Solar-Powered Yachts Highlight the Palm Beach International Boat Show

By Mareesa Nicosia

Tens of thousands of seafarers and hundreds of well-appointed vessels—some outfitted for solar-powered propulsion—are convening under fair skies in Palm Beach this weekend.

The 34th annual Palm Beach International Boat Show displays $1.2 billion worth of yachts and accessories, including everything from 8-foot inflatables to 300-foot-long super yachts.

A handful of those have hybrid propulsion systems that allow boaters to limit their diesel use as they traverse the waterways. Other products include oils, lubricants, paints, and anti-fouling coatings that are designed to lessen their impact on the environment.

“A number of boating industry companies are taking the initiative to deliver more environmentally friendly products to the industry,” says Daniel Grant, spokesman for the Palm Beach International Boat Show.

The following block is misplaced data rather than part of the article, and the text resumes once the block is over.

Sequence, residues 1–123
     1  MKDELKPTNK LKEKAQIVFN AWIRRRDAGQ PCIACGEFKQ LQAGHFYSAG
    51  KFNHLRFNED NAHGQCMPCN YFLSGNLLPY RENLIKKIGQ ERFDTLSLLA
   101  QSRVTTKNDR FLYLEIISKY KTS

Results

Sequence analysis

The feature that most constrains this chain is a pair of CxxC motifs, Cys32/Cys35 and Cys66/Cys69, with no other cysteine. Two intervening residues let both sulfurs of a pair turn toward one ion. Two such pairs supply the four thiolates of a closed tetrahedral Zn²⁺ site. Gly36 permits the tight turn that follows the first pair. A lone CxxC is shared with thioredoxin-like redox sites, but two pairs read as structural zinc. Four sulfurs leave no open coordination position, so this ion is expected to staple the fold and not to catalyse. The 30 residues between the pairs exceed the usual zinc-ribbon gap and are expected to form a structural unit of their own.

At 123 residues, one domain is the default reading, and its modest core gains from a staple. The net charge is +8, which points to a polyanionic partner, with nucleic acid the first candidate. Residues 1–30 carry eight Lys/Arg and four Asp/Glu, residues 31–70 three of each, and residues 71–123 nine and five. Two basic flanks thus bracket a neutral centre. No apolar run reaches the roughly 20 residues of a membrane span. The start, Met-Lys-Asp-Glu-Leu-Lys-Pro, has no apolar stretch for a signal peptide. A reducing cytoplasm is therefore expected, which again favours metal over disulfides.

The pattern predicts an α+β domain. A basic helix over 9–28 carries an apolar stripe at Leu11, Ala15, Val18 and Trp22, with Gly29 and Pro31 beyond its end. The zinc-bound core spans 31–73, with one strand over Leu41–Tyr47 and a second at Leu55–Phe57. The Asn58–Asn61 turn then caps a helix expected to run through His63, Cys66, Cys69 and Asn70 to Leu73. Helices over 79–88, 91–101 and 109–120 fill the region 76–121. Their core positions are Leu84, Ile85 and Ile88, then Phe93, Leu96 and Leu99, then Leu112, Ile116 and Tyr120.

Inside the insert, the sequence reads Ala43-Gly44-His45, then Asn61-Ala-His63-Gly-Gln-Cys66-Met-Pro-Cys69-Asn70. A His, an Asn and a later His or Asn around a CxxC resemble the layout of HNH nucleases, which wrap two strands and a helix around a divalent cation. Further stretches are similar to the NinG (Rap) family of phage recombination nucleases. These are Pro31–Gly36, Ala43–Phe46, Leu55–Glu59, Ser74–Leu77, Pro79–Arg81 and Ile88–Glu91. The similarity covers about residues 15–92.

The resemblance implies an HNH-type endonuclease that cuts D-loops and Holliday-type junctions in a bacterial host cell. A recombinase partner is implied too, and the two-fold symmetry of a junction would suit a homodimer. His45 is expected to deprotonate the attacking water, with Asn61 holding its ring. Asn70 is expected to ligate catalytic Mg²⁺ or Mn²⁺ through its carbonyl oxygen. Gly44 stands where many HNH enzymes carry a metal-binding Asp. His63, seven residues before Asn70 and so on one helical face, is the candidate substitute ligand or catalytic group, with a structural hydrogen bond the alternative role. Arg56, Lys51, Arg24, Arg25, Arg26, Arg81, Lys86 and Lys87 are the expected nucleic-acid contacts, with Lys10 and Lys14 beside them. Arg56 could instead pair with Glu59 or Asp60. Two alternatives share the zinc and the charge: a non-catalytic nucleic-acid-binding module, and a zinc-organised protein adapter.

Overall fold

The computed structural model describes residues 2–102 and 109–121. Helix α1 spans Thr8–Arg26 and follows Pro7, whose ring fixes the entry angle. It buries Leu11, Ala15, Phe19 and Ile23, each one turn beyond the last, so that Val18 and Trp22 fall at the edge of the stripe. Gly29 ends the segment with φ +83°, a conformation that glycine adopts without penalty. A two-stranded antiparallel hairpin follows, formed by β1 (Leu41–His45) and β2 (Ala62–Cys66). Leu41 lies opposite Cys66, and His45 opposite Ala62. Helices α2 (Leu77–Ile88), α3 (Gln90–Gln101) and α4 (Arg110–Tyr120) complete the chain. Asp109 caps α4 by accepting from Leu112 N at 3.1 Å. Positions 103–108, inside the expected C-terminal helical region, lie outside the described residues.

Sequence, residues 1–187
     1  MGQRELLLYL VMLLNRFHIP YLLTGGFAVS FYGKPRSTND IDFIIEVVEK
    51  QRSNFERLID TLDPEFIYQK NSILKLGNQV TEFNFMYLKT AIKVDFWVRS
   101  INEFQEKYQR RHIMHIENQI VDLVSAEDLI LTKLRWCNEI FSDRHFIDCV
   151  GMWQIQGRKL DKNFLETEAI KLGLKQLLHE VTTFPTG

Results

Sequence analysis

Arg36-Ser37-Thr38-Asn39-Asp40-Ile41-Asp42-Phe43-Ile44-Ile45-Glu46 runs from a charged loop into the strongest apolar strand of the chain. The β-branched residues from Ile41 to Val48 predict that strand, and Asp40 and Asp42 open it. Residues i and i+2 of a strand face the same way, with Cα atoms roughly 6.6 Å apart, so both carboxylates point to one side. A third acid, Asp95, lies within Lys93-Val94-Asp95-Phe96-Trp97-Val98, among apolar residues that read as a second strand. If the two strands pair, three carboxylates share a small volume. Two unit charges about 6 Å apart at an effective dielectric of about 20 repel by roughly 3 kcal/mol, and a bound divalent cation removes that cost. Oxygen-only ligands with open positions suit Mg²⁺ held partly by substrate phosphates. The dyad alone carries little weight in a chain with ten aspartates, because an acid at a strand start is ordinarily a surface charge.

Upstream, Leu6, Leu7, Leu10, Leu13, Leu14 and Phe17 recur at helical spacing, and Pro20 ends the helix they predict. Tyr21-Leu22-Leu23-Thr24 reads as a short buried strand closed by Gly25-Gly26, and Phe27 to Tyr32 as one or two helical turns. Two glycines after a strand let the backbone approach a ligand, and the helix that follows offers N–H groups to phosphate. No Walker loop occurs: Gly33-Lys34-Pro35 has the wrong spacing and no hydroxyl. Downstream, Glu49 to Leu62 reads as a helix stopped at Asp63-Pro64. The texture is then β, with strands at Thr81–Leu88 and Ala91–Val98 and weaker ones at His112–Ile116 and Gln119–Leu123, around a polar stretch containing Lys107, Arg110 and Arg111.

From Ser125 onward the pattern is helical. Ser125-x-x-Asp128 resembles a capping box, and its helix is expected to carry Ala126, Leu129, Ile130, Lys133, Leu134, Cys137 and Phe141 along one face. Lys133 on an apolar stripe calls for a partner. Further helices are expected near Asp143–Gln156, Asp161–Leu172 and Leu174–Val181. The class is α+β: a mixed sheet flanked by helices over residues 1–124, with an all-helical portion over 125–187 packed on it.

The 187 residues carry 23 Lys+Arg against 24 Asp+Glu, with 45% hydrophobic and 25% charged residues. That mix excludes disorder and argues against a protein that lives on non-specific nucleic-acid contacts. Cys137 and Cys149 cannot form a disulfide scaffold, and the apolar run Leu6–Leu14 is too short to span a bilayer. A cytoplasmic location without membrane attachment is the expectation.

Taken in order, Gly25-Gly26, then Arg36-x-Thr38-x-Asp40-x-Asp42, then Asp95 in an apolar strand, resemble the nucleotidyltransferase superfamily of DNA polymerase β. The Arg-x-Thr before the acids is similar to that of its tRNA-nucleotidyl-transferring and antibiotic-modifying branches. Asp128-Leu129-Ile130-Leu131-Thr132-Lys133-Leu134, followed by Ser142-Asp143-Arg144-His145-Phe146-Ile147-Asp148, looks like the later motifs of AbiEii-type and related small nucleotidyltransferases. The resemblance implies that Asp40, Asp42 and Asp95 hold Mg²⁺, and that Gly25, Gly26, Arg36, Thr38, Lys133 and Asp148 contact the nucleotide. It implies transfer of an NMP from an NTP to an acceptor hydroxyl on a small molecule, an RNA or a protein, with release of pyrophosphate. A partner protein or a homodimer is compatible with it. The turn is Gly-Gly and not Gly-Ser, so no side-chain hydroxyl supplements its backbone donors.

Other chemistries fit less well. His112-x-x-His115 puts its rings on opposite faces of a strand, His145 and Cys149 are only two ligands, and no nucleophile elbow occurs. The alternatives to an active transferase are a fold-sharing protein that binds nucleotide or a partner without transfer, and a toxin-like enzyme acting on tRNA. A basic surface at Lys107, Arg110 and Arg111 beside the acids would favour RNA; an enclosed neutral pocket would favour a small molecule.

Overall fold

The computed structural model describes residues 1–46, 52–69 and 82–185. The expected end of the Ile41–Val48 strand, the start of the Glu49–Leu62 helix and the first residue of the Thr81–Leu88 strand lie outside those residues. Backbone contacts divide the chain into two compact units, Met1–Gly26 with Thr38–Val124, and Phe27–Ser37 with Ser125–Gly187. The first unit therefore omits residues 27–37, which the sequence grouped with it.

A sheath of solar panels on the top of a luxury yacht isn’t an uncommon sight, but typically the panels are used to power on-board amenities like refrigerators and air conditioners. Recently, companies like Greenline Yachts have started to deliver products like the 48 Coupe that actually supplement the engine power via an array of 2.4kW solar panels on the cabintop, providing the equivalent power of a small generator. Another company, Silent Yachts, introduced the 64-foot Solar Wave that can cruise 100 miles per day on solar power alone.

Along with the massive vessels, the show offers free fishing clinics for children by Hook the Future (participants get to take home their own rod and reel) and sportfishing seminars for adults hosted by the International Game Fish Association. In-water demos and hands-on product testing will be held in the Intracoastal Waterway.

Good weather—breezy, plenty of sunshine, and temperatures in the high 70s—is forecast for the event, which is the last major boat show of the season. About 50,000 people are expected over four days, including a regional crowd of boating enthusiasts as well as northeasterners who travel down each year or are already finishing up their winter stays in South Florida.